I do not feel that it is best to hurry the children to Colorado if they can be well cared for in California and are doing well. I have no prospect of renting my house at present in Healdsburg. I think my debt must be canceled at the Health Retreat by the renting of my house there for twenty dollars per month. I think we will know better what course to take when we go to California. We have picked up furniture here, piece by piece, and got them together so that we are presentable now. 6LtMs, Lt 70, 1889, par. 6

We have three bushels of fruit, black and red raspberries. Put up seventy-five quarts of sour cherries, twenty-five quarts of strawberries and currants. Grapes [and] tomatoes yet to come. We will be prepared for our winter campaign here and expect to spend the winter here. We find work to do all the time in the same line we have been at. 6LtMs, Lt 70, 1889, par. 7

I had a long, good talk last Sabbath with Elder Smith. Read many articles to him, and I think his mind will be enlightened. I then, yesterday morning, had a long session in my good, pleasant room with Elders Kilgore, Olsen, Underwood, Farnsworth and Dan Jones. I read to them for three hours letters written to Elder Butler by me, and letters that he had written to me and articles written by me while in Minneapolis and read to the General Conference there assembled. I had read these all to Captain Eldridge and the voice of Captain Eldridge and all the committee was [that] these articles should be put in print just as they are for the delegates of the conference to have in their hands. Then there can be, from this, material for another Testimony, No. 34, which I must get out. I see so much before me. I feel almost dizzy in contemplating it, but the Lord will give strength and grace for me to do all that there needs to be done. 6LtMs, Lt 70, 1889, par. 8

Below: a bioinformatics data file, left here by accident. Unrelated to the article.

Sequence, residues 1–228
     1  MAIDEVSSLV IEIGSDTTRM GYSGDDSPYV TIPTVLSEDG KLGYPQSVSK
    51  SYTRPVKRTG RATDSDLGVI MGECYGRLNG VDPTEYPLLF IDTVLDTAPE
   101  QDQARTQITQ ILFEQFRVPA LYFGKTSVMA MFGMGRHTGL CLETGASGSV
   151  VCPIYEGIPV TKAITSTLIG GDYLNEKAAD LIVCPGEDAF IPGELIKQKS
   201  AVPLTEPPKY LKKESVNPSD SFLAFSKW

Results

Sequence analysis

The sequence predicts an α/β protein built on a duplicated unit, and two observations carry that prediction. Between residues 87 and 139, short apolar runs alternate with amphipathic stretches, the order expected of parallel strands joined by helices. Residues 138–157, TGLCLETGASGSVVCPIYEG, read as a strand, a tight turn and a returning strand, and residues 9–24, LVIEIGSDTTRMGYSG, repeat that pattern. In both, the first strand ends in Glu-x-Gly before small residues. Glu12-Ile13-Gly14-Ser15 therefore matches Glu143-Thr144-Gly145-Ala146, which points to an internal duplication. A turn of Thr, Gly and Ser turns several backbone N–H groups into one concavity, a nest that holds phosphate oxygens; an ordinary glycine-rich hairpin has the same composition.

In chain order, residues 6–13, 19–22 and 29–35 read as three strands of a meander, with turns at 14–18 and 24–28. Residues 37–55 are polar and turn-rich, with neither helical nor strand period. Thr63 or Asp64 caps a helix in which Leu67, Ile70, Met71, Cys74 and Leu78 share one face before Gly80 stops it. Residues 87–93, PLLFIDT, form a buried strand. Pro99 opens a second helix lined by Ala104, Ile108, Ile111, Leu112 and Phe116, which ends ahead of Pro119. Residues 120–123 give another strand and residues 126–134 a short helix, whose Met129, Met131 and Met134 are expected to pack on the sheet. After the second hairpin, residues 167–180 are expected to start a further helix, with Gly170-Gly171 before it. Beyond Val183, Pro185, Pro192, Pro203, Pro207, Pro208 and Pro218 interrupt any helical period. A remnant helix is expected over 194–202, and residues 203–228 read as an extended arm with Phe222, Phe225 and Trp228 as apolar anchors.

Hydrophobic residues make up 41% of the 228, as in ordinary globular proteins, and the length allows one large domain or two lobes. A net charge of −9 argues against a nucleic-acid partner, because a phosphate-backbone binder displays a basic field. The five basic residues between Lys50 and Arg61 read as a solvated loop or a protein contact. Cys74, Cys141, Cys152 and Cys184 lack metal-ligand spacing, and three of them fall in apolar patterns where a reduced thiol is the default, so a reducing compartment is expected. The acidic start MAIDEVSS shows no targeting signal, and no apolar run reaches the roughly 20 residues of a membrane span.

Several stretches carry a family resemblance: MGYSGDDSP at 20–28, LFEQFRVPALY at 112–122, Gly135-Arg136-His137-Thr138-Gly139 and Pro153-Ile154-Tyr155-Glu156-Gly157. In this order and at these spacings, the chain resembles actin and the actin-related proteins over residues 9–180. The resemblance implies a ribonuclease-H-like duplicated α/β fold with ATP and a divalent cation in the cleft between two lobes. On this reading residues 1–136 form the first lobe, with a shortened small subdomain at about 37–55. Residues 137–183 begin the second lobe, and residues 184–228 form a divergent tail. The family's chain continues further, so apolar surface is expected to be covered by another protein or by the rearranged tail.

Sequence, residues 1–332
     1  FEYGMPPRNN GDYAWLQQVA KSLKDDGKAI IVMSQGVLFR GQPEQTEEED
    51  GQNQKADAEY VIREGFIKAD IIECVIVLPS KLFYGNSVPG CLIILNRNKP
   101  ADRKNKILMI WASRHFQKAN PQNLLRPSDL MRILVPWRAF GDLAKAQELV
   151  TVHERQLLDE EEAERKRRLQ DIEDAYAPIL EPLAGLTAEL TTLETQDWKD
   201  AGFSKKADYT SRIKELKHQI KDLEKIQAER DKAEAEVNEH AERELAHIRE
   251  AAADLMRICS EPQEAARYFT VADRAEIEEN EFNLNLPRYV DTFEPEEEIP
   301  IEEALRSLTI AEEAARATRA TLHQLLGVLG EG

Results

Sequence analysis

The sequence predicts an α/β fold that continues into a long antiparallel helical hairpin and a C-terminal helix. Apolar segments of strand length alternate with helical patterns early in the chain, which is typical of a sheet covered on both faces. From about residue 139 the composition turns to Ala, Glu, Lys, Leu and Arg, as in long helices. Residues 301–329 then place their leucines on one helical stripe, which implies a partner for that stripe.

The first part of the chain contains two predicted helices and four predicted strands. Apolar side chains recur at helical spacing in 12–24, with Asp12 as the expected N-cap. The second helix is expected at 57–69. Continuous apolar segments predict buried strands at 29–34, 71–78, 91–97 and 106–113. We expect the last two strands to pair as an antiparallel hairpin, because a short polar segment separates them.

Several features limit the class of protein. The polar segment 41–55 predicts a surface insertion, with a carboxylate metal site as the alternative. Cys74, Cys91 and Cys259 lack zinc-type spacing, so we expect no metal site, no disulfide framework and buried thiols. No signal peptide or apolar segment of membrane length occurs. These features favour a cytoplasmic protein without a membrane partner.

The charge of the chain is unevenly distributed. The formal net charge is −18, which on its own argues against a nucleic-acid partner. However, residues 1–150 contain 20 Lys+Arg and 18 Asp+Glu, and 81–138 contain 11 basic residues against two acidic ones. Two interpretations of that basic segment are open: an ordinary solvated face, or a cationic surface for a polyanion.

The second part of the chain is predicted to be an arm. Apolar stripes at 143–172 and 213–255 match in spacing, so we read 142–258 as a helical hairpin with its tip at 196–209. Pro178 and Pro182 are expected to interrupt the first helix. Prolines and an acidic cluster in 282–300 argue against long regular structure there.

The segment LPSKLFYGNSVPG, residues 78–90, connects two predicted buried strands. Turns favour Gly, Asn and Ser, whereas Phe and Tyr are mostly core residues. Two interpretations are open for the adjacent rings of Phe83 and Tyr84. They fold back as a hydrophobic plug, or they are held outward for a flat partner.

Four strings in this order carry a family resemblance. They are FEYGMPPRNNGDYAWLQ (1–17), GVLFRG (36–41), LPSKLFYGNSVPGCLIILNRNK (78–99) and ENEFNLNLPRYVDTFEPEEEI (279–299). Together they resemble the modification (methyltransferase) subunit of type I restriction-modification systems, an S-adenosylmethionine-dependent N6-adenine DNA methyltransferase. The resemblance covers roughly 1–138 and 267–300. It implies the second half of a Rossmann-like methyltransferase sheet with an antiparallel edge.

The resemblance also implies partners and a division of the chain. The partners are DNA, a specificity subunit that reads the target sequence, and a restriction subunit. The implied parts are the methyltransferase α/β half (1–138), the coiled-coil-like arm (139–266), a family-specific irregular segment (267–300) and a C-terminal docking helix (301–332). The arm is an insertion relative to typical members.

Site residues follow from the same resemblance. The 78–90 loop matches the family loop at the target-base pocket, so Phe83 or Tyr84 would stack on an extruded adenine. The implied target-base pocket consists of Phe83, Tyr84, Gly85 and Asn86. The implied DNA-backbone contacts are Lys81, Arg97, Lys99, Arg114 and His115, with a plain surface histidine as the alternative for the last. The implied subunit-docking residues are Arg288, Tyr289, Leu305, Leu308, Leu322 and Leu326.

Our prayers are daily ascending to God for strength and divine wisdom that I may move in the order of God, walk in the clear light and make no false steps. 6LtMs, Lt 70, 1889, par. 9

I find that there is nothing like coming close to persons and seeking to help them by individual effort. It is not always an easy, pleasant task, but this seems to be my work which I cannot get rid of. 6LtMs, Lt 70, 1889, par. 10

We pray for you daily and the Lord does hear our prayers and answers them. We need the intelligence you have in our work, and we shall make our request to God for your life, your health to be restored, that you can engage with us in the work. But all you are required to do now is to be happy, cheerful, hopeful in God and comfortable. We want that you shall have every convenience. Many prayers are sent up to heaven for you, and we do not forget Elder Olsen in our prayers. 6LtMs, Lt 70, 1889, par. 11

I have been so weak and debilitated since attending the four camp meetings that I have been unable to do much but to hang my helpless soul upon Jesus Christ. I have hope in God. I trust in God. My heart goes out after God. I shall see of His salvation. If I walk in the line of duty, I shall be sustained. I must say good-by. Bless the Lord O my soul. 6LtMs, Lt 70, 1889, par. 12

Mother.